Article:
They Might Be geniuses as well as Giants

September 18, 1992|By J.D. Considine | J.D. Considine,Pop Music Critic

By almost any reckoning, They Might Be Giants -- the songwriting and recording team of John Flansburgh and John Linnell -- are pure pop geniuses. Their best work is ingeniously structured and relentlessly tuneful, the sort of hook-a-minute masterpieces, which, once heard, ricochet around your memory for hours.

They really crank 'em out, too. Each of the Giants' five albums packs a hefty 18 or 19 songs, yet there always seems to be enough left over to stock their Dial-A-Song number, a self-run service that offers a new tune daily for the price of a long-distance call (it's [718] 387-6962, in case you're curious).

Most amazing of all is that for most of their recording career, the two Giants have done it all themselves, assembling each arrangement through a series of painstaking overdubs. But that isn't because the duo are the kind of perfectionists who couldn't bear to hand their songs over to someone else; frankly, says Flansburgh, it was because they couldn't afford to hire help.

"We didn't make money for many years," he says, over the phone from his Brooklyn home. "I think we just didn't want to ask somebody to like give up their entire life just to play our over-arranged rock songs."

Fortunately, that's no longer the case. Since working their way up to the majors, the two Johns have not only been able to afford guest musicians in the studio -- witness the 11 itinerant musicians wandering through their latest album, "Apollo 18" -- but now tour in front of a full band.

Flansburgh couldn't be happier. Although he admits that a few fans miss the manic intimacy of the Giants' old duo performances, he finds that most appreciate the band's expansion. "It's worked out really well," he says. "Part of it is that we have the luxury of being able to work with musicians who are better than us, so it's not holding us back technically. I mean, we don't do technical music, but some of it is kind of sophisticated in its arrangement.

"Also, we get to do 'Stump the Band,' " he adds.

"Stump the Band" is pretty much what its title suggests. "We ask the audience to make a request for any song we don't know how to play, and we do it," Flansburgh explains. "Two days ago, in Poughkeepsie, we got a request for 'Desperado.' It came out OK, although I didn't know any of the words. We just kind of made up new words."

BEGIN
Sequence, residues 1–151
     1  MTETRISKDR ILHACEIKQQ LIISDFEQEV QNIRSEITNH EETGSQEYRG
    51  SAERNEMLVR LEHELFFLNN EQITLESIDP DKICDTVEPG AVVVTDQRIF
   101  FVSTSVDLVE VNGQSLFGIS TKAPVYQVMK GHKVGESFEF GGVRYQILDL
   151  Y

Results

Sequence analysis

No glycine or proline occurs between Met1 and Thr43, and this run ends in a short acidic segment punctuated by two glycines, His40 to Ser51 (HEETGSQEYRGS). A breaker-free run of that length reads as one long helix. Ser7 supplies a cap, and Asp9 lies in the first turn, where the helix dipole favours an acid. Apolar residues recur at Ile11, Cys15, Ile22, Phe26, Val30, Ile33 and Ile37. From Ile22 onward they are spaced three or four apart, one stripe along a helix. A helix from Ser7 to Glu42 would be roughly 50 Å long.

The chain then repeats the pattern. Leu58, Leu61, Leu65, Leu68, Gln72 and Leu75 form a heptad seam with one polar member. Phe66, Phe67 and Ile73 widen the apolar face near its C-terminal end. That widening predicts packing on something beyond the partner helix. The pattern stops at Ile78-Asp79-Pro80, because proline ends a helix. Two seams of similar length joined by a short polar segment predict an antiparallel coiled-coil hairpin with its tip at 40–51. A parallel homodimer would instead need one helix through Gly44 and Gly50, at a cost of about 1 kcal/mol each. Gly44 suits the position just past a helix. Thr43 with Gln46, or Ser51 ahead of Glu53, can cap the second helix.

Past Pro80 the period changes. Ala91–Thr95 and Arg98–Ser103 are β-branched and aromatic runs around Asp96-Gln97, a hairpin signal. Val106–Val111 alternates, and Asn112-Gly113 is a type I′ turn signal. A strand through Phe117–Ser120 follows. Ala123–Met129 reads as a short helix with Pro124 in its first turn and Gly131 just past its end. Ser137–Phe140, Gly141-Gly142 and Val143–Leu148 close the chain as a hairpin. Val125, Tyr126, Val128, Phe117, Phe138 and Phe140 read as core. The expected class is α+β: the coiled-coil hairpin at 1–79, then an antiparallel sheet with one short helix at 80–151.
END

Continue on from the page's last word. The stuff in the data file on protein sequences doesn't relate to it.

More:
Sometimes, the "new words" Flansburgh and Linnell slip into these band-stumpers aren't quite so intentional. For instance, when the Rick James hit "Super Freak" was requested at one show, Flansburgh was scolded by a fan for singing the line, "She's got intertwining candles" -- a lyric he thought actually was in the song.

"I never understood the line," he laughs. "I thought it was like, some kind of strange reference to those candles that curve around one another. Evidently he's saying, 'Incense, wine and candles.' "

Still, any confusion over Rick James lyrics pales in comparison with the potential problems posed by the band's John factor. As you may have noticed, both Giants are named John, something which leaves some fans unsure of which John is which. "We were cursed with the same name, and we don't make a big point of making sure that everybody knows exactly who we are," concedes Flansburgh. "I'm the guitar-playing one. The one with glasses.

"Actually, John has glasses too. . . ."

It gets worse, though. "We've got a guy in the band whose name is remarkably close to mine," says Flansburgh. "The drummer's name is John Feinberg. We actually call him J. D. Feinberg, just to avoid having another John. One time we did an entire tour with an all-John crew. That was really painful."

Why so many Johns? "I think it's because around the Kennedy era, parents just went crazy for the name 'John.' So it's not our fault. We had nothing to do with it."

They Might Be Giants

When: Sept. 20 at 8 p.m.

Where: Shriver Hall at Johns Hopkins University.

Tickets: $18.50.

Call: (410) 481-7328.

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